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Smokers Most Likely to Think About Quitting on Mondays

Update Date: Oct 28, 2013 06:09 PM EDT

Mondays may not be all that bad. New research reveals that the first day of the week is when smokers are most likely to think about quitting.

Researchers monitored the global Google search query logs from 2008 to 2012 in English, French, Chinese, Portuguese, Russian and Spanish for searches related to gutting like "help quit smoking" to examine weekly patterns in smoking cessation contemplations for the first time.

The study revealed that searches about quitting smoking happens more often early in the week, with the highest query volumes on Mondays, Researchers found that this pattern was consistent across all six languages, suggesting a worldwide predisposition to thinking about quitting smoking early in the week.

"Popular belief has been that the decision to quit smoking is unpredictable or even chaotic," researcher John W. Ayers of San Diego State University said in a news release.

"By taking a bird's-eye view of Google searches, however, we find anything but chaos. Instead, Google search data reveal interest in quitting is part of a larger collective pattern of behavior dependent on the day of the week," Ayers added.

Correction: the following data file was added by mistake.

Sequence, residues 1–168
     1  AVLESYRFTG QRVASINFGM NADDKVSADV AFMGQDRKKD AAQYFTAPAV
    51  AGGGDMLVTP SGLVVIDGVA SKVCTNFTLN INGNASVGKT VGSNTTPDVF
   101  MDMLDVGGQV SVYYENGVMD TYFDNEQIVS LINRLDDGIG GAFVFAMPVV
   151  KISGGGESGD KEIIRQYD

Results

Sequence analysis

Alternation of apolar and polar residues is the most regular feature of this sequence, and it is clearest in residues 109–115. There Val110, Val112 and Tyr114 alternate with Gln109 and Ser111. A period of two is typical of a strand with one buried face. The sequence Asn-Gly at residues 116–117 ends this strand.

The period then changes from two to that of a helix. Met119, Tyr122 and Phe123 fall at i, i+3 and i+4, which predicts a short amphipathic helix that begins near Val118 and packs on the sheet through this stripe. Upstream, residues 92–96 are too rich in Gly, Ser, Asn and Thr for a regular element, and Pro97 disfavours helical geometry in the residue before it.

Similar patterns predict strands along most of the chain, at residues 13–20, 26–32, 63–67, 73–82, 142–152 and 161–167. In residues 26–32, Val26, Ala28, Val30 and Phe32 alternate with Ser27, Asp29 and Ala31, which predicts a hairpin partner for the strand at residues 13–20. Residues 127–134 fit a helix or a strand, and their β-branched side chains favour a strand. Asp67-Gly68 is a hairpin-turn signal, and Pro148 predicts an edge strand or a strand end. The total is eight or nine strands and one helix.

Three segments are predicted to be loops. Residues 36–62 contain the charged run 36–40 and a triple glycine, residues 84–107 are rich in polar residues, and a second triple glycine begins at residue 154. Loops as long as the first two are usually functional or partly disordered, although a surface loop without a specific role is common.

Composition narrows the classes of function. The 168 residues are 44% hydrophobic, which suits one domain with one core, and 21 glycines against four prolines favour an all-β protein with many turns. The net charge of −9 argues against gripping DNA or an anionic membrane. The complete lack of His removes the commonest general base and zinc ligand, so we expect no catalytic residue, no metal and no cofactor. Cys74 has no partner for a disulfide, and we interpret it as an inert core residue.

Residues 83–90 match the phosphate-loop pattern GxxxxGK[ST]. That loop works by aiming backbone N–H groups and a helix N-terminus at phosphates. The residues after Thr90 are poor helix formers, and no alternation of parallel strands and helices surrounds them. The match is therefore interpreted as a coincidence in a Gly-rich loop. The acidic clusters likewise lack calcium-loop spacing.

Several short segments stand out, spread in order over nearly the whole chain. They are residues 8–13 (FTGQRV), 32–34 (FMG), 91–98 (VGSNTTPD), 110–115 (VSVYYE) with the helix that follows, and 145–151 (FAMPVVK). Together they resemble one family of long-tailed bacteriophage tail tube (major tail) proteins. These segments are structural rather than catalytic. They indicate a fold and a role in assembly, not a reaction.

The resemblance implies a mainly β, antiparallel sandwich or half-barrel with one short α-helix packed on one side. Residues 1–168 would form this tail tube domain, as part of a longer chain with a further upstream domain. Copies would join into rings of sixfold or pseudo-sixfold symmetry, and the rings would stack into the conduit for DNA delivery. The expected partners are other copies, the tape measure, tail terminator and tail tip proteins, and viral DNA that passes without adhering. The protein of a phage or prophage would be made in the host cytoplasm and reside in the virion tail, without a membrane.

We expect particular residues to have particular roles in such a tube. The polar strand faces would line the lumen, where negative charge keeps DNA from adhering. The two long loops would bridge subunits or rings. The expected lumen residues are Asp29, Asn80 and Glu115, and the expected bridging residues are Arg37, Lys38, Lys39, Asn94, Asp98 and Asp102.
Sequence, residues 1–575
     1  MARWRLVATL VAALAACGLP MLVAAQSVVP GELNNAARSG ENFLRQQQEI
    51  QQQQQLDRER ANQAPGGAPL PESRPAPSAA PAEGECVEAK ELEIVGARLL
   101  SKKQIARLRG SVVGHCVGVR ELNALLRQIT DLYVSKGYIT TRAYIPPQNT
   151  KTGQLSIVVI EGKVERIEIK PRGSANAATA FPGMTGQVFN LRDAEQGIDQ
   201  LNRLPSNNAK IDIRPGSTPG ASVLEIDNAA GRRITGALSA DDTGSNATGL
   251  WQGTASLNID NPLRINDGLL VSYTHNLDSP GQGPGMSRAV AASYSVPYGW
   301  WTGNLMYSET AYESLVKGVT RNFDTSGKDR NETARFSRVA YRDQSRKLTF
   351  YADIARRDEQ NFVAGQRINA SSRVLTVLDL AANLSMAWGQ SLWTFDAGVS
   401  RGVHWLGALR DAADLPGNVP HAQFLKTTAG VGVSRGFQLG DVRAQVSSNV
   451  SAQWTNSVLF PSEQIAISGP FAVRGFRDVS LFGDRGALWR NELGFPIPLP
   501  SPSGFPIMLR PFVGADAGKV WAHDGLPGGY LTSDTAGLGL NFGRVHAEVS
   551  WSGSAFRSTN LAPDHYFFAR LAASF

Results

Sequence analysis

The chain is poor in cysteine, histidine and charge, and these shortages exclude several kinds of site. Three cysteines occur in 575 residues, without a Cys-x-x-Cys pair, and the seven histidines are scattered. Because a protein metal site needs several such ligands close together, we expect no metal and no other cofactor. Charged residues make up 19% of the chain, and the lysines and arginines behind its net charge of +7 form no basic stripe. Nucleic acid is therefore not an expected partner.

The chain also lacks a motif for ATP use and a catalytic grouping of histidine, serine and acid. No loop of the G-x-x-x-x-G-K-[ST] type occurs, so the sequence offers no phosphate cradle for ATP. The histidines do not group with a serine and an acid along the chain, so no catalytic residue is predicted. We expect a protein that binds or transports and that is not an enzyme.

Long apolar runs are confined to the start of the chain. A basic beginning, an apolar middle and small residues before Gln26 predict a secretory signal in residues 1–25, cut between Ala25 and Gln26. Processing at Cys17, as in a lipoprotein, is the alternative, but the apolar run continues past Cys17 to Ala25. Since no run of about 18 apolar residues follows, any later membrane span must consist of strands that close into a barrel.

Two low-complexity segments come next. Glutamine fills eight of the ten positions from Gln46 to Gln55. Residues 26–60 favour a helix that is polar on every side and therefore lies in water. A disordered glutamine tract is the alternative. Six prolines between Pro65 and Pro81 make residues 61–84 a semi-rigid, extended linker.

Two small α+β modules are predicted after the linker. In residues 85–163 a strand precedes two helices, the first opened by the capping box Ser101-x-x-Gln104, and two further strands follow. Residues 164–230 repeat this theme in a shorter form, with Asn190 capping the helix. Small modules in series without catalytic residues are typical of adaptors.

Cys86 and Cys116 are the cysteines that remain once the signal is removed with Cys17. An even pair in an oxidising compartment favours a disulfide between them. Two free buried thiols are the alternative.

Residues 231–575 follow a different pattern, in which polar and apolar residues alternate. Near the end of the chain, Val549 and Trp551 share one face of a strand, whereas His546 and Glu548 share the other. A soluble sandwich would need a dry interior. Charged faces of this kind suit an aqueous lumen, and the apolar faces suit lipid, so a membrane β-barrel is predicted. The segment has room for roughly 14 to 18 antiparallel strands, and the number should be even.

Researchers said that campaigns for people to quit may benefit from shifting to weekly cues.

"We know it takes smokers many quit attempts before they succeed, so prompting them to try again on Mondays may be an effective and easy to implement campaign," said co-researcher Joanna E. Cohen, Director of the Johns Hopkins Institute for Global Tobacco Control, according to a news release.

Researchers explained that reaching out to people when they're thinking about their smoking habit makes more of a difference.  Researchers also noted that social support is an important factor in helping people quit smoking. Knowing that they are not alone can help smokers follow through on their intentions to quit tobacco.

"If you're a smoker, just remember: quit this Monday. Everyone else is doing it," Ayers concluded. 

The findings are published in the journal Journal of the American Medical Association, Internal Medicine. 

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